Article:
Ictal electroencephalograms (EEGs) were recorded in six patients (2 male, 4 female; ages 14 mo to 38 mo) with afebrile convulsions and mild gastroenteritis (CwG), in a study at Nagoya, Japan. None had febrile convulsions. A family history of CwG was positive in 2 patients, and the twin of one patient had a history of febrile seizures. A cluster of seizures occurred within 1 -3 days of the onset of gastroenteritis, Rotavirus antigen test in the stool was positive in 2 patients. Seizures began as partial, and clinical manifestations included loss of responsiveness, arrest of movement, cyanosis, lateral eye deviation, and hemifacial convulsion. A generalized tonic-clonic convulsion occurred in 5 patients. Ictal EEGs showed focal low amplitude fast activity, beginning in the occipital area in 3 patients, and parietal, central, or frontal in the remaining 3. The focal discharge evolved into a secondary generalized seizure. Seizures were controlled with phenobarbital, lidocaine, or carbamazepine. At follow-up (mean 39 mo, range 17-62 mo) interictal EEGs and psychomotor development were normal. [1]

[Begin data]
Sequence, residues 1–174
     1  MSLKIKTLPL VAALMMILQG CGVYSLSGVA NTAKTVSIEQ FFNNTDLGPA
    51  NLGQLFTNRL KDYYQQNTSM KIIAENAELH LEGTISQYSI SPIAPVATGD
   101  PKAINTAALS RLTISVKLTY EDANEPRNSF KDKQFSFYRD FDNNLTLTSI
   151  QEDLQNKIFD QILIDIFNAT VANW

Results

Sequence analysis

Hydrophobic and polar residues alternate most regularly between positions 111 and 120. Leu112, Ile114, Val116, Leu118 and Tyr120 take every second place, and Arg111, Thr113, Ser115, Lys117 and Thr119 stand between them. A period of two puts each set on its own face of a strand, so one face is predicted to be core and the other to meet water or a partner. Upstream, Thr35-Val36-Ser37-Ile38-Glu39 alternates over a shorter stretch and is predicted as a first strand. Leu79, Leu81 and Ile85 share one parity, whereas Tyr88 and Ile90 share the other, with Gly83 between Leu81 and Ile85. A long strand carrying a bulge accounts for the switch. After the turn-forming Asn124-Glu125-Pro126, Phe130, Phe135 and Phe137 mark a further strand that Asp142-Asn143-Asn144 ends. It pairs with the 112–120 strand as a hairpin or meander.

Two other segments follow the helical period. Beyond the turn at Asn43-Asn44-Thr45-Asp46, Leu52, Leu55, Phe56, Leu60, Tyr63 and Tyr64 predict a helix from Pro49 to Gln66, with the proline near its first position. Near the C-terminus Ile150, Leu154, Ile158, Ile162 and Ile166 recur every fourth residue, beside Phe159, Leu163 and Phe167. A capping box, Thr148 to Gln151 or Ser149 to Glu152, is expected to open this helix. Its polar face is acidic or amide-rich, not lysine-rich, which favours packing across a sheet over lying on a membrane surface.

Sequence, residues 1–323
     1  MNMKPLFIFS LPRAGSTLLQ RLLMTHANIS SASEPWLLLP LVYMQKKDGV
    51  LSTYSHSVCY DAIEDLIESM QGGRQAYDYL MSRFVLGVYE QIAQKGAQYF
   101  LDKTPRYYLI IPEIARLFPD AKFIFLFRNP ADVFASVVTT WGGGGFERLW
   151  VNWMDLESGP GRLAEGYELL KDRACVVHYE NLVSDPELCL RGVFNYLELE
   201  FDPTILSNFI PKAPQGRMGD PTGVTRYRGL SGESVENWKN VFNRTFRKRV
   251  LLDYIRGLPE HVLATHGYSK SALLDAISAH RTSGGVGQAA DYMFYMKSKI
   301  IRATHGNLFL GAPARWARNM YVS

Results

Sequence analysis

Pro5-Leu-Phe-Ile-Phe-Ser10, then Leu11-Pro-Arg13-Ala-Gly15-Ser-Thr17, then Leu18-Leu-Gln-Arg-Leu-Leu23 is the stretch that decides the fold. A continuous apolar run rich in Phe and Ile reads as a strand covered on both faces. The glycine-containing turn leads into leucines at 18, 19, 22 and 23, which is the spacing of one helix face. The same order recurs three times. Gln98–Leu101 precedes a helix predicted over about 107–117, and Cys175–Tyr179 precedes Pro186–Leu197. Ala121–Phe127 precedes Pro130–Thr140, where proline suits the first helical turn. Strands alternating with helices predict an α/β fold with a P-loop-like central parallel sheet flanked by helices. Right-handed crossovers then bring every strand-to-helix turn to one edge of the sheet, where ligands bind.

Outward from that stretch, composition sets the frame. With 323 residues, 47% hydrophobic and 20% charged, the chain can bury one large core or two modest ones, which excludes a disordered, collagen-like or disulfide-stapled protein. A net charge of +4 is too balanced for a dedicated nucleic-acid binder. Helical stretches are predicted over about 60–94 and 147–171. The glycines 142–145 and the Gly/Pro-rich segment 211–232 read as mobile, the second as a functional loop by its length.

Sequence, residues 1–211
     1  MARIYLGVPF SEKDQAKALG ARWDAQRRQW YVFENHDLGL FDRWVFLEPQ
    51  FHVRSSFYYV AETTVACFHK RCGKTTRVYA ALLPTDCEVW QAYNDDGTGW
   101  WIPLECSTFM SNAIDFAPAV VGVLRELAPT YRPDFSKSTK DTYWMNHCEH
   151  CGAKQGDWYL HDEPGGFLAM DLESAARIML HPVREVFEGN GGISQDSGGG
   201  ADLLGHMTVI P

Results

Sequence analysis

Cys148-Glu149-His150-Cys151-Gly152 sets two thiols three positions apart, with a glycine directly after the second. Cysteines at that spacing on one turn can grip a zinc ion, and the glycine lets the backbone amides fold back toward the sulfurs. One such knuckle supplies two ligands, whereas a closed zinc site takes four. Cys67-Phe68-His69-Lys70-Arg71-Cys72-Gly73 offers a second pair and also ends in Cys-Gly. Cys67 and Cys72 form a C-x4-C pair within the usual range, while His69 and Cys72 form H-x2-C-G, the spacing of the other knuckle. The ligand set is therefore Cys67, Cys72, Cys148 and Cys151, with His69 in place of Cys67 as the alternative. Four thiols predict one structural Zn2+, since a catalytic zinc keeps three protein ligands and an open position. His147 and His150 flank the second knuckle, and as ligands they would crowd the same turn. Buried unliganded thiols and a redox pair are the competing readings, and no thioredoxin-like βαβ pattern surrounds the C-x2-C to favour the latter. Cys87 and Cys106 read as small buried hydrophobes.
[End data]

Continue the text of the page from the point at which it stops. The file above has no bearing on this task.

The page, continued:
COMMENT. Convulsion with mild gastroenteritis (CwG) is a frequent seizure disorder in Japan [2]. Previously described as generalized, the seizures appear to be partial with secondary generalization. CwG presents in previously healthy infants or young children aged 6 months to 3 years. Seizures are afebrile and occur in clusters in close relation to the onset of diarrhea. Laboratory results including electrolytes, glucose, and CSF are normal, ictal EEG is focal and secondary generalized, the interictal EEG is normal, and the outcome benign. In the above study, no reports of neuroimaging are included. Rotavirus was the likely cause in 2 of the 6 patients.

Usually affecting Japanese children, CwG is now known to occur outside Asia. A study of 14 children with the syndrome is reported from the UK [3]. The gastroenteritis was considered viral, and Rotavirus was detected by enzyme immunoassay in the stools of 7 of 10 patients tested. Stool culture was negative for pathogenic bacteria. CSF and computed tomography, performed on 2 patients with prolonged seizures, were negative. On long-term follow-up, none had recurrence of seizures and all had normal development. The seizure mechanism is unknown, and CNS complications are not generally described with Rotavirus infection (AAP Redbook). In the absence of fever, electrolyte and glucose abnormalities, a viral neurotropism, similar to that suggested for HHV-6 in febrile seizures (Hall CB et al, 1994; Millichap JG and JJ, 2006), might be considered.